Championship Productions Blog

Archive for 'Wrestling' Category

Execute the Bar Tilt with Tim Flynn!

By Kevin Fitzpatrick - Last updated: Friday, May 1, 2015

There are many things that wrestlers can do from the top position. Edinboro University head coach Tim Flynn is fond of using the bar tilt after locking up the opponent’s leg, and in this video, Flynn teaches you how to drive into the bar to secure your opponent.

Bar Tilt

Drill Summary: Start this move when the wrestler is riding their opponent and has one of the opponent’s legs locked up. From that position, to hip the opponent over, the wrestler has to make sure the opponent’s arm isn’t blocking them from doing so. If it is, grab the opponent’s fingers and drag the arm down to their hip. You can also place your elbow in the crux of the opponent’s elbow and turn the opponent’s body, which will allow you to slip your arm under their body and onto their back. After that, lunge forward into a bar tilt and go for the fall. It’s also important to remember to block the opponent from rolling into you whenever you go to flip them over for this move.

This video came from Championship Productions’ video “Riding and Turning: A Guide to Offensive Success.” View other world class Wrestling videos!

Force Opponents into a Jam with the Spladle!

By Kevin Fitzpatrick - Last updated: Friday, May 1, 2015

Erik Akin, three-time Big 8 champion at Iowa State University, explains how to work the opponent into a spladle. The spladle is a move that any wrestler can use, and is one of the most impressive ways to get a fall if executed correctly.


Drill Summary: There are two main positions a wrestler can attempt to get their opponent in a spladle. The first is when the opponent has you in a single leg and they step over your leg. In that position, hold onto their arm and reach for the leg on the same side of their body. From there, pull the opponent over your body and try to get a fall. The second main position is from the feet, when the opponent is working your leg, reach to the inside of their knee cap, sit down with your hip on the back of their neck, and pull them over into the spladle.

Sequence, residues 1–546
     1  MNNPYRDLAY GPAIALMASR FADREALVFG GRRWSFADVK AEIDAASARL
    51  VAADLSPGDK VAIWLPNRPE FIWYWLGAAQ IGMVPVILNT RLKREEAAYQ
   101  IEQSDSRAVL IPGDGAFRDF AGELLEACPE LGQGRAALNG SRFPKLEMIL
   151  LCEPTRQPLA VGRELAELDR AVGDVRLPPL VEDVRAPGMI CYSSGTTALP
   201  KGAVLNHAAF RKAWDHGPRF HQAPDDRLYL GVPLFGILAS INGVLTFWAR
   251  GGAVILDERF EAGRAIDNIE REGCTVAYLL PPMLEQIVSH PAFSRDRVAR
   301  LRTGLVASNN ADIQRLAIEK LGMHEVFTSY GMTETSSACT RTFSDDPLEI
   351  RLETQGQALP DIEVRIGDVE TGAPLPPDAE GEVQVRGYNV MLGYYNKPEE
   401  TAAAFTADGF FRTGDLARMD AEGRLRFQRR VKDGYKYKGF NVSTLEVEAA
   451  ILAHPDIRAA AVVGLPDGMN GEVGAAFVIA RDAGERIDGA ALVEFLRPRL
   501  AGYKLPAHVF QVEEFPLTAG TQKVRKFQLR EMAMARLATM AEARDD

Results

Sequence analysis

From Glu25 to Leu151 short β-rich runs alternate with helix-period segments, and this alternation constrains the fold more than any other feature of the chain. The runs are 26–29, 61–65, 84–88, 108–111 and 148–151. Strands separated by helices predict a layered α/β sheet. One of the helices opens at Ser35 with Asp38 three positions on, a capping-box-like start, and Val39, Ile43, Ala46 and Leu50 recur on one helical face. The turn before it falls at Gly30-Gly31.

This video came from Championship Productions’ video “Youth Wrestling: Advanced Pinning.” View other world class Wrestling videos!

Learn the Defensive Basics that Set Up Short Offense Success!

By Kevin Fitzpatrick - Last updated: Wednesday, April 1, 2015

The Grand View Vikings are back-to-back-to-back-to-back NAIA national wrestling champs. In this clip, head coach Nick Mitchell presents the basics of short offense, and how wrestlers can get their opponent into a front headlock.

Head/Hands Drills and Downblocking

Drill Summary: Coach Mitchell trains wrestlers to have good head/hands defense, which if used correctly can lead to opportunities on offense. The basics Mitchell teaches include being inside on ties, varying hand orientation and keeping the head in position (even or lower). Also, it’s important to keep your opponent in front of you and defend penetration by lowering your level. As for downblocking, wrestlers need to get a hand down to the mat and create space between the shot and their leg.

This video came from Championship Productions’ video “Short Offense: Scoring from the Front Headlock Position.” View other world class Wrestling videos!

Use Proper Defense Against the Funk!

By Kevin Fitzpatrick - Last updated: Wednesday, April 1, 2015

Jordan Leen, assistant coach of 2015 ACC Tournament champion Virginia, does a great job of teaching his wrestlers how to defend against the funk. Leen knows that wrestlers need to remain disciplined and protected to triumph, and in this clip you’ll learn some of the techniques that have led to the Cavaliers’ success.

Wrestler Disciplines and Protections

Drill Summary: From any leg attack, it’s important for wrestlers to keep their feet tucked back under their hips so the opponent can’t ankle pass. It’s also key to keep weight the your hips, not the hands. If the opponent does pass the ankle, the wrestler can bring their other foot over to be able to to sit on the ankles and glide. From there, the wrestler can hover while keeping their weight back.

This video came from Championship Productions’ video “The New Rules of Attack: Defense Against the Funk.” View other world class Wrestling videos!

Increase the Power and Explosiveness of Your Wrestlers!

By Kevin Fitzpatrick - Last updated: Wednesday, April 1, 2015

Oklahoma State’s wrestling program has excelled under legendary head coach John Smith. A large part of the Cowboys’ success must be attributed to Smith’s strength and conditioning coach Gary Calcagno. In this drill, Calcagno goes over the first two lifts of OSU’s power and explosion lifting series.

Power & Explosion Series

Drill Summary: In this clip, clean grip jump shrugs and snatch grip jump shrugs are performed. The athlete focuses on jumping with the hip, knee and ankle. For the clean grip jump, the athlete hinges the hips, puts their butt back, gets their chest over the bar and jumps. Focus on jumping straight up and allow the bar to pick you up. For the snatch grip jump, keep the arms straight until you jump.

This video came from Championship Productions’ video “Training for Power and Explosiveness.” View other world class Wrestling videos!


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